12. Adjust your pattern

Once you have tapped on the Capture button, you can adjust your pattern further by using the dial to rotate the central image left, right or pinch or drag it around on the screen until you’re happy with the way the pattern looks.

13. Review your pattern

Once you are happy with your pattern, press Next on the top right-hand side of the app. The next page will let you preview your pattern – if you are not happy you can go back to edit it by selecting the <Edit button. Once you are happy, simply save the pattern.

14. More patterns

Don’t stop at just one pattern; create as many as you can from objects all around your home. Try and find objects that are similar colours to what you want to use for your illustration, but if this isn’t possible, step 17 shows how to adjust the colours.

15. Find the patterns

Head back to Photoshop and go to Windows>Libraries, then select the folder you saved all your patterns in on Adobe Capture and select Patterns. All your patterns should be waiting for you there. Ensure your chosen device and computer has a Wi-Fi connection.

16. Use a pattern

Select the first shape you created to add a pattern to it. Do this by clicking on your chosen pattern and then adjusting the scale to the desired percentage. Left-click on the pattern layer and select Create Clipping Mask, so the pattern only surrounds your chosen Shape layer.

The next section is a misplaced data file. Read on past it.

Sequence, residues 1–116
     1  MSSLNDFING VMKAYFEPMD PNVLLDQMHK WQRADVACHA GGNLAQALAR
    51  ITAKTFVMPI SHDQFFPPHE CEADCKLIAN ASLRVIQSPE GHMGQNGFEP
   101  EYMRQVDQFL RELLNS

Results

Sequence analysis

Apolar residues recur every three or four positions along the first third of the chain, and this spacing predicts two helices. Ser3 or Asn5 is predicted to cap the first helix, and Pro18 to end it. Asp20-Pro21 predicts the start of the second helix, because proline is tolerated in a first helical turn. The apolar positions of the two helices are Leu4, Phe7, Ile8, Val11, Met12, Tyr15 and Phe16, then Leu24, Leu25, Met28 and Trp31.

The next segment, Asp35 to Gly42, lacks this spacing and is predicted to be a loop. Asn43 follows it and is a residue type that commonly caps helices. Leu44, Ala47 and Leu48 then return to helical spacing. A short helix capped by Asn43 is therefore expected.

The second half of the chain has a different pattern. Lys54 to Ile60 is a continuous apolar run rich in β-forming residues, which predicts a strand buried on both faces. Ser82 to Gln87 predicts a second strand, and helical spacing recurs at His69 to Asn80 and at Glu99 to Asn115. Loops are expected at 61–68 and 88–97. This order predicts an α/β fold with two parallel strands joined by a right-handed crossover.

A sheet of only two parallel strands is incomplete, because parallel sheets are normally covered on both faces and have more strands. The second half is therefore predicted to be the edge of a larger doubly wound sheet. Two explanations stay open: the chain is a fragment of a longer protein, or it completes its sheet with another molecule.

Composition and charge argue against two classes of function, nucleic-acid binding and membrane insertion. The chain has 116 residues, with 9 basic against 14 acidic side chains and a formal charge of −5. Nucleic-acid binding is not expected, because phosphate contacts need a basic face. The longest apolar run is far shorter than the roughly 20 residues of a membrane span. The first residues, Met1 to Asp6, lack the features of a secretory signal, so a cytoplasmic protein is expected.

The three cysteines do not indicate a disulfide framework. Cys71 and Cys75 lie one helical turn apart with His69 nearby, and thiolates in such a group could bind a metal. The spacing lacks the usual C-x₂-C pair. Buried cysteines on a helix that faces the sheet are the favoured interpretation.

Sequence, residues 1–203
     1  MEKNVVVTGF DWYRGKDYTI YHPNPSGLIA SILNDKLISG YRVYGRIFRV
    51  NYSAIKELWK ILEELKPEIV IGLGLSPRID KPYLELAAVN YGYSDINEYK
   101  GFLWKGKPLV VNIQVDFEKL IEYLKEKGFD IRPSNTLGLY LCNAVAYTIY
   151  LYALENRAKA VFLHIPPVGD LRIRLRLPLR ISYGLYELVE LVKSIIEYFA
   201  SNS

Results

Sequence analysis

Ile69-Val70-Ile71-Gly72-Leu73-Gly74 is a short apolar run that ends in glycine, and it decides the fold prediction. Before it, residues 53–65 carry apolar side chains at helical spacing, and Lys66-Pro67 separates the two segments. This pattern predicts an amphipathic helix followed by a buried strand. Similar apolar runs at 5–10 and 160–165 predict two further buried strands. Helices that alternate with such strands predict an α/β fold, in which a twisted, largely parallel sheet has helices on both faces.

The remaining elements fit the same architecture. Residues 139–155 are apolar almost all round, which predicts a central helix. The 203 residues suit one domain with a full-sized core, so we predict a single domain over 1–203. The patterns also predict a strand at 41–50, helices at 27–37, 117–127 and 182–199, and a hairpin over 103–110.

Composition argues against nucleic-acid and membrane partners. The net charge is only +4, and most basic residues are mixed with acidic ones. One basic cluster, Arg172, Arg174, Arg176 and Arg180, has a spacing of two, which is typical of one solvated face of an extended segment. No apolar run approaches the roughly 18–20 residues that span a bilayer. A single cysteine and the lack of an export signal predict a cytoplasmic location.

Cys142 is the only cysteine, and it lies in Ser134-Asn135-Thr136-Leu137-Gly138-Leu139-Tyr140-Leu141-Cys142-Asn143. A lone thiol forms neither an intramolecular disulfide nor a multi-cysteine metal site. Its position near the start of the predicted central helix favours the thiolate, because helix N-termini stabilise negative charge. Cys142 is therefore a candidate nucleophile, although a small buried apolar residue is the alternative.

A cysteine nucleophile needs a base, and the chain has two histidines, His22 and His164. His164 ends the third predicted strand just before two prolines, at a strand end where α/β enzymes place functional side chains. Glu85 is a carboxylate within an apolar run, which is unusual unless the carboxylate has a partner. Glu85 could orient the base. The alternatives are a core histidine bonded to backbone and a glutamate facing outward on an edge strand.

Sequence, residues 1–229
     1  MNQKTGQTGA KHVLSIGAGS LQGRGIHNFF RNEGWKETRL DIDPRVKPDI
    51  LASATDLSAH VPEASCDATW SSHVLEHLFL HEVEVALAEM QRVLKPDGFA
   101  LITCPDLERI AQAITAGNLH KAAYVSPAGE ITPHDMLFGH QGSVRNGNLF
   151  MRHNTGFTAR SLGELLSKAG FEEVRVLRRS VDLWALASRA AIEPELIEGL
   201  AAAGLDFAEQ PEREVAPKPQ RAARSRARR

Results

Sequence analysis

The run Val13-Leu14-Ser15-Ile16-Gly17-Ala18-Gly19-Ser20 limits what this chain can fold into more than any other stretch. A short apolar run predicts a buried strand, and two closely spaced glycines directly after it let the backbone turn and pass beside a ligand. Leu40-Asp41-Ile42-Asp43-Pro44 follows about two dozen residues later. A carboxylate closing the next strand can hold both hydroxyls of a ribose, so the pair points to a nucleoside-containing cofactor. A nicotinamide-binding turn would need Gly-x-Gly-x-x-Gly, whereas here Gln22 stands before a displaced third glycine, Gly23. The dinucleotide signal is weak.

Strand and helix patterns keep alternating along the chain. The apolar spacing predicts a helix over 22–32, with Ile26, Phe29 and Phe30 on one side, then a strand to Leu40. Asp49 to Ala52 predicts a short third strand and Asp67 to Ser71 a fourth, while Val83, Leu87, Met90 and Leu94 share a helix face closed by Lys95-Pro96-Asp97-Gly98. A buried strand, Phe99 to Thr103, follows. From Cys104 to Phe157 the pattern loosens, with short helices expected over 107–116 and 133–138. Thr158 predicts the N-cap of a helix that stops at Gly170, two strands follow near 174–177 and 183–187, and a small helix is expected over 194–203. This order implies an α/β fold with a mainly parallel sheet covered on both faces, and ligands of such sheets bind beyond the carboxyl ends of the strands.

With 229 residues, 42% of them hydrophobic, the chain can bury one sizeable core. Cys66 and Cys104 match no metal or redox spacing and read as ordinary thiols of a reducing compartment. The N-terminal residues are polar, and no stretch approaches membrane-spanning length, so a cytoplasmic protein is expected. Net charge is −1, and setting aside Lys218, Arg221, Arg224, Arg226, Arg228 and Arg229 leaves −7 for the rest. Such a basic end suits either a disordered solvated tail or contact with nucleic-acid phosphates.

17. Tweak the pattern colour

Select the next shape to add a pattern and amend its Fill Color to your desired colour. Select the next pattern you would like to use, however, this time change the blend mode to Luminosity. Continue to fill all the shapes with patterns.

18. Add highlights

Create a new layer above all your Shape layers and change the opacity to 70% and the blend mode to Overlay. Now grab the Brush Tool, select a soft brush and set the Foreground colour to white. Finally, begin to paint over the top section of every shape to highlight the colours.

19. Now the shadows

Create another new layer, amend the opacity to 80% and the blend mode to Hard Light. Grab a soft brush once again, change the Foreground colour to black and begin to paint over the lower sections of every shape to create the shadows.

20. Bevel and emboss shapes

Go back the falling feathers, the large and small circles and set the Fill of their layers to 0%. Next bring up the Layer Style window, select Bevel & Emboss and amend the following settings: Depth: 240%, Direction: Down, Size: 15px, Soften: 0px.

21. Background

Fill your background black and add a texture to it. Amend the layer opacity to 15% and set the blend mode to Hard Light. Now create a new layer, change the blend mode to Overlay, grab a large white soft brush and paint a few brush strokes behind the bird.

22. Adjustment layer

Finally, add a Hue/Saturation adjustment layer and set the Saturation to +40. Then add a Brightness/ Contrast adjustment layer and set the Brightness to 5 and Contrast to 10. Doing this boosts the colours of the artwork.